News

Mexican Adventist University Student’s Short Film Gets National Honor

‘Tree of Poetry’ film takes second place in short film competition

A group of students from Seventh-day Adventist Church-operated Montemorelos University recently obtained second place for their film submitted during the 9th national university “Hazlo en Cortometraje,” or, “Do it in Short,” film contest held in Mexico City, Mexico.

The contest promotes the creation and cinematography training of university students and former graduates by convening them in an annual festival for short films that propose creative solutions to the social and environmental challenges facing Mexico and the world.

Production team from Montemorelos University at the 9th national university Hazlo en Cortometraje awards ceremony at the Cinépolis Arcos Bosques facilities in Mexico City, Jan. 26, 2017. From left to right: Cristel Romero, Samuel Ramírez, Jana Gómez, Lizzy Hernández, Jorge Sosa and Eder Pesina. Next to them are first place winners from the fiction category Mario Genel; Oscar Navoa winner in the experimental category and Francisco Martínez, second place winner in the documentary category. Image courtesy of Montemorelos University

The project was among 1,130 short films submitted under fiction, documentary, animation, and experimental categories. The awards ceremony was held recently at the Cinépolis Arcos Bosques facilities in Mexico City.

The short film is entitled “El árbol de la poesía” or “The Tree of Poetry,” and deals with a professor who teaches that everyone is surrounded by people full of dreams and ideas, and everyone needs to be willing to listen and share together, said Jorge Sosa. Sosa is the creator, director, and editor of the short film. The film needed to focus on the 2016 “Creative Citizenship” contest theme, students said.

“The Tree of Poetry” film has multiple messages said Sosa. It is an ode to the power of art to unite people, to break barriers, and to delight in simple things.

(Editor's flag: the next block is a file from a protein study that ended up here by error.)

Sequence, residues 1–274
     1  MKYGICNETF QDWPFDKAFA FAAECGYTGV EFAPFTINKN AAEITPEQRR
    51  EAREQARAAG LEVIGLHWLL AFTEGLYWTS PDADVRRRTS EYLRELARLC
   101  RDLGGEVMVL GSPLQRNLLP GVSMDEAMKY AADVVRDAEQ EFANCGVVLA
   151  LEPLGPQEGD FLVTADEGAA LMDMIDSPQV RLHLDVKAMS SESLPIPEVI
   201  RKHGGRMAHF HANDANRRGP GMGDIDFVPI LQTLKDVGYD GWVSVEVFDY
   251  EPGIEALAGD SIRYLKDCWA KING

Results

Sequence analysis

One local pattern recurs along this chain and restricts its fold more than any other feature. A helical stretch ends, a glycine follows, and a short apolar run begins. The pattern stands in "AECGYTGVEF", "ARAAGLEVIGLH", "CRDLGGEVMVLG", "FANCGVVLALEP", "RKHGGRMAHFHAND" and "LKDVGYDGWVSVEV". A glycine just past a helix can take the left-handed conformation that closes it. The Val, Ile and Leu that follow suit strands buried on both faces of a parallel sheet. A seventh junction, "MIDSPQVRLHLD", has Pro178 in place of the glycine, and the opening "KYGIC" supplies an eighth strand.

“It was so valuable to be part of this competition because events like these encourage young people to come up with solutions and allows for the expression of ideas beneficial to the social well-being in these times,” said Sosa.

Having won second place inspires him to continue creating and believing that “we can inspire others to make a difference around us,” Sosa, a student at the Montemorelos School of Arts and Communication, said.

“Art, poetry, and communication have the power to rebuild the social fabric, becoming better communities, as well as more empathetic, more united and more thoughtful,” he said.

The top winning short films will become part of the BBVA Bancomer Foundation and Cinépolis Foundation and will be screened in different cultural and educational forums across Mexico.

Professor Matheus Nascimento, director of the School of Arts and Communication, who plays the main character of the short film, congratulated the students and said that their accomplishment confirms the school’s mission to teach the students to produce quality audiovisual content as part of the overall mission of the institution.

“This is a window of opportunity for them to promote cinema as a great tool with an enormous potential to reach an audience that we otherwise would not be able to reach,” said Nascimento.

The production team received a prize of 30,000 pesos (approximately US $1,470) and an expense-paid trip to the award ceremony, as well as a two-day audio course in Mexico City.

Sosa, who finished a degree in media and communication from Montemorelos University late last year, has participated in other film contests as a student in Montemorelos, including a short film he wrote and directed and which was a finalist at the 2014 Guanajuato International Film Festival (GIFF), called “Cuidado con el tren” (“Be careful on the train”). He assisted in directing another 2012 GIFF finalist project called “Al Cristo crucificado” by Helen Hernández, who has graduated from Montemorelos University since then.



As the oldest publishing platform of the Seventh-day Adventist Church, the Adventist Review (est. 1849) provides inspiration and information to the global church through a variety of media, including print, websites, apps, and audio and video platforms.Content appearing on any of the Adventist Review platforms has been selected because it is deemed useful to the purposes and mission of the journal to inform, educate, and inspire the denomination it serves.Unless identified as created by “Adventist Review” or a designated member of the Adventist Review staff, content is assumed to express the viewpoints of the author or creator of the content.

We reserve the right to approve and disapprove comments accordingly and will not be able to respond to inquiries regarding that. Please keep all comments respectful and courteous to authors and fellow readers.
comments powered by Disqus